Year of the Takeout Day 157: Kingdom Food (A Tale of Two Soups and Piety!)
House Special Seafood Tomato Soup and House Special Yat Gaw Mein from Kingdom Food (170 Graham Avenue, Brooklyn, 718-599-2489)
Confession: we got a little confused tonight.
We ordered delivery from what seemed to be a new place, realizing it was a restaurant we had previously tried and that has seemingly changed names four times in recent months. (We haven't kept track to see whether new nomenclature has been reflected in signage shifts, too.)
Turns out, our Kingdom Food used to be King's Food, which was formerly known as Grace Food.
When we called to ask the owners what's up -- because holy shit, what is up? -- they said that the eatery had previously been called Happy Garden, too, which was news to us. They emphasized, however, that the same management team had weathered all of these revamps. Worth noting, of course, is the vague evangelical motif.
And, unlike other Chinese restaurants -- which have become a bastion for hungry non-believers, as they tend to operate on all holidays religious and legal -- this one closes part of the day on Sunday. As per the menu:
Dear Customer: Sunday We Open On 3:00pm
We Are Attending Church Service in the Morning.
May God Bless You !"
How this brings us back to soup, who knows? But we'll get there!
Anyway (see, we did it!), did you know that the best way to stay cool on a hot day is to drink something even hotter, like soup or tea?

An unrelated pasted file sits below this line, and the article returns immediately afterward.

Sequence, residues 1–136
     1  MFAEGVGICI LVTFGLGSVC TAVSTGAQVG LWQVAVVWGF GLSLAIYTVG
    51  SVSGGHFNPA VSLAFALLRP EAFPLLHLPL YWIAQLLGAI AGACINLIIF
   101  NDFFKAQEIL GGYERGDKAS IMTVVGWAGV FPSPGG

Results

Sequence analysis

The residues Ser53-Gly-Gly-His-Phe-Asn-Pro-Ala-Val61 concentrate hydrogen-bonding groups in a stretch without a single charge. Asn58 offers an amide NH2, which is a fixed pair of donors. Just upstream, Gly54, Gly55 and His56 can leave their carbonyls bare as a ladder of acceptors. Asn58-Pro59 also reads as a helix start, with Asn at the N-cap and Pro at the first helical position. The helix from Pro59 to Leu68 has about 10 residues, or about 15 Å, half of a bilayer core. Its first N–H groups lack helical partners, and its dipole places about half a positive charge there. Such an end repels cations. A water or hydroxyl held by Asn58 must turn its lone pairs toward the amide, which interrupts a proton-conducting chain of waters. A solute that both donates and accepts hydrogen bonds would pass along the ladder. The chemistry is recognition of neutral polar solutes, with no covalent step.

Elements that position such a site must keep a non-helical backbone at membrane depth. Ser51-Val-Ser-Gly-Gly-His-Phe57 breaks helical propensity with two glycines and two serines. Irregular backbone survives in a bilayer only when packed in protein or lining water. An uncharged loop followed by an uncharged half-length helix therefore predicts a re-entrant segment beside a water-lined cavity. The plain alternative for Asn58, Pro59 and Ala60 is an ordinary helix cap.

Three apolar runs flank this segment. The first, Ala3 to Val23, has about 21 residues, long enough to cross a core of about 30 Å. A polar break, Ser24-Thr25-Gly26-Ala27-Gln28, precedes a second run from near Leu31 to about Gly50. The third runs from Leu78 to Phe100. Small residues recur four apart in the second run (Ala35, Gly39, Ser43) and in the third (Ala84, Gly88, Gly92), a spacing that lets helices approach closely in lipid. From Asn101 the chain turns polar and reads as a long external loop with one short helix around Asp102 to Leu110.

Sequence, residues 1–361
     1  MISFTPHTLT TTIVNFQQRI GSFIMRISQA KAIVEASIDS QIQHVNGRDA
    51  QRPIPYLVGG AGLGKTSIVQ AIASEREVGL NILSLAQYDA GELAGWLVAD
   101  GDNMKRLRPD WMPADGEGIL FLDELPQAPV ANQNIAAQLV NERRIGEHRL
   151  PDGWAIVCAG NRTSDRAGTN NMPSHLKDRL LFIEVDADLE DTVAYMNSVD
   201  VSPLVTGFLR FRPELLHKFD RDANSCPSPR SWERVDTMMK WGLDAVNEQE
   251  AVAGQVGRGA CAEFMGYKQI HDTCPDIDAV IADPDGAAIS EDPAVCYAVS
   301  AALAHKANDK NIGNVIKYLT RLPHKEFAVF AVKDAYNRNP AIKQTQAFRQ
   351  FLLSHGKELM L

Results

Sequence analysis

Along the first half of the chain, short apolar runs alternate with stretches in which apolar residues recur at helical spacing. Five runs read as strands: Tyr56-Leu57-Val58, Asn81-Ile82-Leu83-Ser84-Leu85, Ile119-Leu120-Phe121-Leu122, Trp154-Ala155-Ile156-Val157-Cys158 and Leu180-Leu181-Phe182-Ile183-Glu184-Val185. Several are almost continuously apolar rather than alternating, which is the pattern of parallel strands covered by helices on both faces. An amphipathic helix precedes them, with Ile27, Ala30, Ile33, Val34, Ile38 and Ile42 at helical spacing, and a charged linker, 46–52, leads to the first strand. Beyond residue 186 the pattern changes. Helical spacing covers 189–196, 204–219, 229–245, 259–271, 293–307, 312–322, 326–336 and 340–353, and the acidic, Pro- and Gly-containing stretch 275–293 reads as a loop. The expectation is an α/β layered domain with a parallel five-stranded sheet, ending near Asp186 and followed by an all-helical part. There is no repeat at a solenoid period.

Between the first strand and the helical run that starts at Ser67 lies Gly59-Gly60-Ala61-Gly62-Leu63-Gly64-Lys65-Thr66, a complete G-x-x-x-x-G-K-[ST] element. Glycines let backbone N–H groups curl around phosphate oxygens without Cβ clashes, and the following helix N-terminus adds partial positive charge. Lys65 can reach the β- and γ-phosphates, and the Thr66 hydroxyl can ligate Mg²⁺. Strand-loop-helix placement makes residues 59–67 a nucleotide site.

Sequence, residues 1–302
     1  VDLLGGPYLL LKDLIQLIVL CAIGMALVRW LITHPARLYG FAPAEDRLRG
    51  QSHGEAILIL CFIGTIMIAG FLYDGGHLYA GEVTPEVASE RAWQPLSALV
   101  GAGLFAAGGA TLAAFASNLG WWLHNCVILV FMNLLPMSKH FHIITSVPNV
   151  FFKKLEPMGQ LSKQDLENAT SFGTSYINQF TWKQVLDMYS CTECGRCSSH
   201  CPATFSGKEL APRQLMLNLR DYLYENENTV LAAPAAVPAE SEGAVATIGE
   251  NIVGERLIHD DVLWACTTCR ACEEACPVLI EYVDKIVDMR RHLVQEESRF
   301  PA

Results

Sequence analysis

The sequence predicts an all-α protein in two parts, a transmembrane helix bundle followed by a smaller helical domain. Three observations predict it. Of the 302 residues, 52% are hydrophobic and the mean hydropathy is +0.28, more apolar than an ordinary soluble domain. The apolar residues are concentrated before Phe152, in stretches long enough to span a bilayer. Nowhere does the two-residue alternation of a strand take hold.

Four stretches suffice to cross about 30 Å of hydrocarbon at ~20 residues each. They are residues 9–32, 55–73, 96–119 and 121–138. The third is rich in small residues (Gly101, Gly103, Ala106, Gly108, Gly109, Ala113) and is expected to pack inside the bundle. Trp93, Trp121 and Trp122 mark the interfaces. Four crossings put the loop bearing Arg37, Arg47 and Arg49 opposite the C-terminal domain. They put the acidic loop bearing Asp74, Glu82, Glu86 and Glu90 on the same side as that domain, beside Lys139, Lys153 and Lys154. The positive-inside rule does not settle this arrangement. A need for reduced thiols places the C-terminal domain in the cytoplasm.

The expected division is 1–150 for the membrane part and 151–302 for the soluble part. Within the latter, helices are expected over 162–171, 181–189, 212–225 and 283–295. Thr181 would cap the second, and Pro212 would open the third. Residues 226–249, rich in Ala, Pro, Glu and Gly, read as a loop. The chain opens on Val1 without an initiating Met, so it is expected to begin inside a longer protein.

You didn't? Well, that's because it's not true. At all.
In fact, ordering near-boiling broth was probably the dumbest thing we could have done in our air conditioning-less, top-floor steambox of an apartment, but who doesn't try mysterious, anonymous seafood on a sultry summer day?
If Kingdom Food changed its name again, accidentally leading us to believe that we were ordering delivery from a new joint once more, we would hope to avoid this $4.95 quart. Baby shrimp and imitation crab, suspended in a thinner version of cornstarchy "lobster sauce," just ain't that great.
The $4.75 yat gaw mein, on the other hand: Yowzer!
The broth outright brimmed with fat, so much so that it was an almost opaque yellow. This gave the chicken stock an unusual intensity, making this meaty noodle soup anything but ordinary.